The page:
Latest badger study supports anti-cull argument

Further evidence has emerged to support the thesis that culling badgers to control bovine tuberculosis is likely to increase the prevalence of disease. However, NFU deputy president Meurig Raymond said the study was “an incomplete appraisal of the contribution culling could make to the current situation”.


The report: Social organization and movement influence the incidence of bovine tuberculosis in an undisturbed high-density badger (Meles meles) population, to be published in the March edition of the Journal of Animal Ecology, concludes that a stable, and therefore undisturbed, [badger] social structure may help control the spread of bovine tuberculosis among badgers. 


“The evidence suggests that movement of individuals between groups may be instrumental in driving disease dynamics at the population level, and adds further support to the contention that the social disruption of badger populations, for example by culling, is likely to promote disease spread,” according to the authors from the Central Science Laboratory and the Instituto de Investigación en Recursos Cinegético in Spain.


The results also have major implications for future policy to control bovine TB in the UK. “Past badger culling policies have been accompanied by an inexorable rise in the incidence of TB in cattle. Indeed, it has become apparent that the various strategies may actually have been a contributory factor to the increase in disease through perturbation. The results presented in this paper lend weight to this argument.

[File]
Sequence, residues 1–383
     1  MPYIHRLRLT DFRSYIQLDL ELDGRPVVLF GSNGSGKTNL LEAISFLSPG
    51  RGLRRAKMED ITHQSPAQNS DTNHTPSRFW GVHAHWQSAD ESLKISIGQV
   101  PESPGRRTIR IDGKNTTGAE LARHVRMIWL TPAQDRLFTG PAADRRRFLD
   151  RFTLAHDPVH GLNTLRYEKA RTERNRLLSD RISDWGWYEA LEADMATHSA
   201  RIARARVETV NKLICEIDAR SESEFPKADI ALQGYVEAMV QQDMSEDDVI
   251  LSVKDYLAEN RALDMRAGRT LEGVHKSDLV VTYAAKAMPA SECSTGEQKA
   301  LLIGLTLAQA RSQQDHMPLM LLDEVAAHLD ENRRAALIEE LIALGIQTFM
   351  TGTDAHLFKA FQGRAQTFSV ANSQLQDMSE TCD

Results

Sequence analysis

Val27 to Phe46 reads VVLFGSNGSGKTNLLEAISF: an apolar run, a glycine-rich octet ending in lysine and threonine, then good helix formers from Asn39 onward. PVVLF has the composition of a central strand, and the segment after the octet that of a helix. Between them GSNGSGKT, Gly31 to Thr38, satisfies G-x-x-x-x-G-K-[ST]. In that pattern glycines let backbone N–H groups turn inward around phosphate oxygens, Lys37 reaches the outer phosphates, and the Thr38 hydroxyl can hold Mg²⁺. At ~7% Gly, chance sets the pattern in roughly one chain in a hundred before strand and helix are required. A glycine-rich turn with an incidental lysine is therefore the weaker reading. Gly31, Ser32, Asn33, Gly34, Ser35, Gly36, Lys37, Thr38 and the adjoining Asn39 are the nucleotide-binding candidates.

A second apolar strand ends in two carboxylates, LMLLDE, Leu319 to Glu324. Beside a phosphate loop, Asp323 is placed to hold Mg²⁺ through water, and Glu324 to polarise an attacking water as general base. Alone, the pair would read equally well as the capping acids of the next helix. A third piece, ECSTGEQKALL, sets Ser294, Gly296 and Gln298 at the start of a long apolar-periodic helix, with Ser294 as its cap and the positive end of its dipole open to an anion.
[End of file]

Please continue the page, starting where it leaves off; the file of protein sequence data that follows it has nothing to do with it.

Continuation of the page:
“The development of successful strategies for the control of TB in badgers and transmission to cattle will require serious consideration of the likely impact of any interventions on badger social organisation,” report the authors.


However, the report does not imply that the incidence of disease will decline if the moratorium on culling continues, but instead supports the belief that disturbing the social balance of a population by culling would exacerbate the problem by increasing the extent of badger movement between local populations.  A scenario known as perturbation.


The study was performed at the CSL Badger Research Unit at Woodchester Park, Gloucestershire.  It is home to several high-density groups and has been the subject of a long-term intensive study going back almost 20 years.  Consequently, quality data is held on the badgers and their activities.  It reveals that the incidence of TB within the badger social groups increased by almost 150% per year between 1994 and 2004. 


“Although the number of badger social groups in the study area remained relatively constant, the number of incident and prevelant (TB was detected in at least one individual) groups per year generally increased over the course of the study.


“Both mean group incidence and prevelance steadily increased over time,” report the authors.


Mr Raymond added: “The report adds nothing to what we already know about how the disease spreads.”


“It merely reiterates the already understood dangers of a piece-meal culling strategy.  Successive studies over the past 20 years have clearly demonstrated that only a coordinated and extensive cull of badgers in those areas suffering heavy infection, such as the south west, parts of central England and south west Wales, will result in a positive impact on the disease.”


Badger Trust public affairs advisor Trevor Lawson said: “The scientific evidence against badger culling is so strong and so consistent that there is no longer any justification for debating it. 


“The Government should summon up the courage to rule out badger culling as a policy option.  Yet the relentless demands for the slaughter of badgers from some farming and veterinary lobby organisations shows no sign of abating and Ministers are weak and indecisive.  This wilful ignorance has to end.”